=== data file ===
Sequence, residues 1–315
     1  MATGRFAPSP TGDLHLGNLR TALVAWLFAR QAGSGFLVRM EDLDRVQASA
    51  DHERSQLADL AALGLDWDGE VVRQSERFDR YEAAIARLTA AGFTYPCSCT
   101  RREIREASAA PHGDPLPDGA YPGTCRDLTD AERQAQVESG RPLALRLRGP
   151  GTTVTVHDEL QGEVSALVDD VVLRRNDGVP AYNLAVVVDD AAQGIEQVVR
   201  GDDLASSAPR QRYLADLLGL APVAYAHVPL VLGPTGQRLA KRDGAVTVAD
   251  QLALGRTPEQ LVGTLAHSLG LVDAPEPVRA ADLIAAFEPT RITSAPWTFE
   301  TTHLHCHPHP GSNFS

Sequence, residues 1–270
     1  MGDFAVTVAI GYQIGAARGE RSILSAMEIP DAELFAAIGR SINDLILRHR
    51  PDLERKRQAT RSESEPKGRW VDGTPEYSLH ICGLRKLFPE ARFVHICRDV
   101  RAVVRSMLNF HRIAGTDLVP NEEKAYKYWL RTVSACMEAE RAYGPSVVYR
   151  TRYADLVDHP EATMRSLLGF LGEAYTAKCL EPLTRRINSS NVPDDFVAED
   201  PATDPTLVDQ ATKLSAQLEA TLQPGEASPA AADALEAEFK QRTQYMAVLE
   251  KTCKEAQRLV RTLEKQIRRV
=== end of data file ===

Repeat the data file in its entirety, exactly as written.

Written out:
Sequence, residues 1–315
     1  MATGRFAPSP TGDLHLGNLR TALVAWLFAR QAGSGFLVRM EDLDRVQASA
    51  DHERSQLADL AALGLDWDGE VVRQSERFDR YEAAIARLTA AGFTYPCSCT
   101  RREIREASAA PHGDPLPDGA YPGTCRDLTD AERQAQVESG RPLALRLRGP
   151  GTTVTVHDEL QGEVSALVDD VVLRRNDGVP AYNLAVVVDD AAQGIEQVVR
   201  GDDLASSAPR QRYLADLLGL APVAYAHVPL VLGPTGQRLA KRDGAVTVAD
   251  QLALGRTPEQ LVGTLAHSLG LVDAPEPVRA ADLIAAFEPT RITSAPWTFE
   301  TTHLHCHPHP GSNFS

Sequence, residues 1–270
     1  MGDFAVTVAI GYQIGAARGE RSILSAMEIP DAELFAAIGR SINDLILRHR
    51  PDLERKRQAT RSESEPKGRW VDGTPEYSLH ICGLRKLFPE ARFVHICRDV
   101  RAVVRSMLNF HRIAGTDLVP NEEKAYKYWL RTVSACMEAE RAYGPSVVYR
   151  TRYADLVDHP EATMRSLLGF LGEAYTAKCL EPLTRRINSS NVPDDFVAED
   201  PATDPTLVDQ ATKLSAQLEA TLQPGEASPA AADALEAEFK QRTQYMAVLE
   251  KTCKEAQRLV RTLEKQIRRV